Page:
Economic Notes – April 28, 2014

April
28

Written by: Jon McGraw

  • U.S. economic data – including manufacturing, new orders for durable goods, and consumer confidence – were strong, exceeding consensus expectation.
  • Housing sales and initial jobless claims came in weaker than consensus expectation.
  • Conflict between Russia and Ukraine weighed on the market. Investors hid in safe-haven assets such as long-term government bonds and defensive stocks.

(+) The February House Price Index (HPI) published by Federal Housing Finance Agency (FHFA) increased 0.6% from January, exceeding the median forecast of 0.5%. The HPI has been resilient despite severe winter weather for the year to date. The index level roughly equates to the index level of June 2005, but still 7.6% below its April 2007 peak. Comparing year over year, the national house prices rose 6.9%. The Pacific region’s price was up the most by 14.3%, while New England house prices improved the least by six-tenths of a percentage for the last year.

(-) Existing-home sales in March were down two-tenths of a percent to a seasonally adjusted annual rate of 4.59 million. The latest monthly decline was more modest than the consensus of -1.1%. Last month’s sales volume marked the slowest since July 2012. Regionally, existing-home sales increased in the Northeast and Midwest but fell in the South and West.

(-) Sales of new single-family houses in March fell 14.5% month-over-month to a seasonally adjusted annual rate of 384,000, significantly below the market-expected annual rate of 450,000. Compared to March of last year, new house sales declined 13.3% from 443,000. Except for the Northeast, sales were down in all three other regions. Severe weather in the first quarter may have been part of the reason for the weak spring sales season.

(+) The Markit Flash U.S. Manufacturing Purchasing Managers’ index (PMI) stood firm at 55.4 in April, on par with March’s reading of 55. The index continued to register strong value above 50, signaling the solid pace of domestic manufacturing expansion. Mainly driven by pent-up domestic demand, the index’s output, new orders, and new export orders components accelerated in April. Inventory of finished goods was built up a little bit from March’s 47.9 to April’s 49 index level.

(+) Following a 2.1% increase in February, new orders for durable goods accelerated 2.6% to $234.8 billion. Boosted by an 8.6% increase in nondefense aircraft and parts orders, the headline durable goods orders exceeded the median forecast of a 2% increase. Excluding transportation, new orders grew 2% from the prior month. Excluding defense, new orders increased 1.8%.

(-/0) Initial jobless claims for the week ending Apr. 19 increased 24,000 to 329,000 after seasonal adjustment, which was slightly worse than the 315k expected by consensus. The 4-week moving average was 316,750, up slightly from the previous week’s 312,000.

Continuing claims for the week of April 12 decreased 61,000 to a post-recession low of 2,680,000. The 4-week moving average of continuing claims reached the lowest level since Dec. 29, 2007.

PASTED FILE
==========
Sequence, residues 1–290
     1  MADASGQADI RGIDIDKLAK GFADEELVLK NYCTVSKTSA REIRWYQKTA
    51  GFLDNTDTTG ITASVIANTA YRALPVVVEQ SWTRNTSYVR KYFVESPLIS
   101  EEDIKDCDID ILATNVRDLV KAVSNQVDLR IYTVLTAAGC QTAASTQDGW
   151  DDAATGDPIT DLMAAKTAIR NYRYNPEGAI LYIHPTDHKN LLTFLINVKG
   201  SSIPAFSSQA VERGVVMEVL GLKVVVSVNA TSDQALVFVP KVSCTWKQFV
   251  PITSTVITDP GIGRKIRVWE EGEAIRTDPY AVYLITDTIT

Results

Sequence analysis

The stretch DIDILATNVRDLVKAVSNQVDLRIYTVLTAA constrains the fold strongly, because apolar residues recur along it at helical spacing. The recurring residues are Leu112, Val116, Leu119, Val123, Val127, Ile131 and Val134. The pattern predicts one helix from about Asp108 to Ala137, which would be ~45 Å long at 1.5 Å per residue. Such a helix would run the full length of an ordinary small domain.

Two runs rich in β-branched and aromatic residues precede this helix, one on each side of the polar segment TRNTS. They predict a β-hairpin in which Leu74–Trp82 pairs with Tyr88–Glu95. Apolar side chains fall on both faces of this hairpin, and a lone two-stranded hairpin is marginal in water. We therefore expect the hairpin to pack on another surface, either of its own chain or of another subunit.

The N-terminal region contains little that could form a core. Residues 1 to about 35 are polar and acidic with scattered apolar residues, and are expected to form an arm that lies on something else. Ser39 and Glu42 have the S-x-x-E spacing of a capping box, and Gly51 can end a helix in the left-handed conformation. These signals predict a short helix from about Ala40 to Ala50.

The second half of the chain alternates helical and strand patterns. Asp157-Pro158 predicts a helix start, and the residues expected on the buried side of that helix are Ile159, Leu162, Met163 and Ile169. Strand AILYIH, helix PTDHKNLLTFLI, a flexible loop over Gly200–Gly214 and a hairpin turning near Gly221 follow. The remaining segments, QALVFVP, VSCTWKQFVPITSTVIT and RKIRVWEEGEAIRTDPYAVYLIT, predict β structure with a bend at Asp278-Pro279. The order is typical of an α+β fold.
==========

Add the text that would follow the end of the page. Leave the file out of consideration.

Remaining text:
(+)April’s final reading for the University of Michigan Consumer Sentiment Index revised up from the preliminary reading of 82.6. The index came in at 84.1, stronger than the consensus expected 83.0. Consumer sentiments for both current economic conditions and future expectations improved. The surveyed inflation expectation was unchanged from last month and well within the recent years’ range: 3.2% for the one-year period and 2.9% for the 5-to-10-year period.

Market Notes

Boosted by positive economic news, U.S. equity markets were trending upward in the first half of the week.  Toward the end of the week, investors’ concern on escalating tensions between Russia and Ukraine helped push the market lower.  Large cap stocks outperformed both mid cap and small cap stocks.  Defensive sectors beat cyclical sectors.  Utilities and healthcare led the market with a small positive return, while telecom and consumer cyclical lagged with a small negative return.  In general, value style outperformed growth style.

Outside the U.S., international developed stocks outperformed both U.S. and emerging market stocks.  The MSCI Europe index beat the MSCI Pacific index by 58 bps for the week.  In April, Eurozone economic expanded at the fastest pace since May 2011, and surveyed consumer confidence rose to the highest level since August 2013.

In emerging markets, the HSBC China manufacturing PMI for April continued pointing to contraction, even though the index recovered a little bit to 48.3 from 48.0 in March.  Russia’s economic situation deteriorated and is in danger of slipping into recession in the second quarter of this year.  Standard & Poor’s rating agency downgraded Russia’s credit rating to BBB-, one level above junk status with a negative outlook.

Not surprisingly, bonds outperformed stocks and returned positive.  While geopolitical risk around Ukraine does not subside, investors seek safe-haven assets.  Long-term U.S. government bonds were up more than 1%, outperforming corporate bonds.

Measured by the Citi Non-U.S. World Government Bond index, foreign-developed sovereign bonds returned 9 bps, outperforming emerging market bonds.

Foreign REITs lost 33 bps, underperforming U.S. REITs by 51 bps in the week.  Commodity returns were up 27 bps measured by the DJ-UBS index.  The energy heavy S&P GSCI Commodity index declined 54 bps.

Have a great week!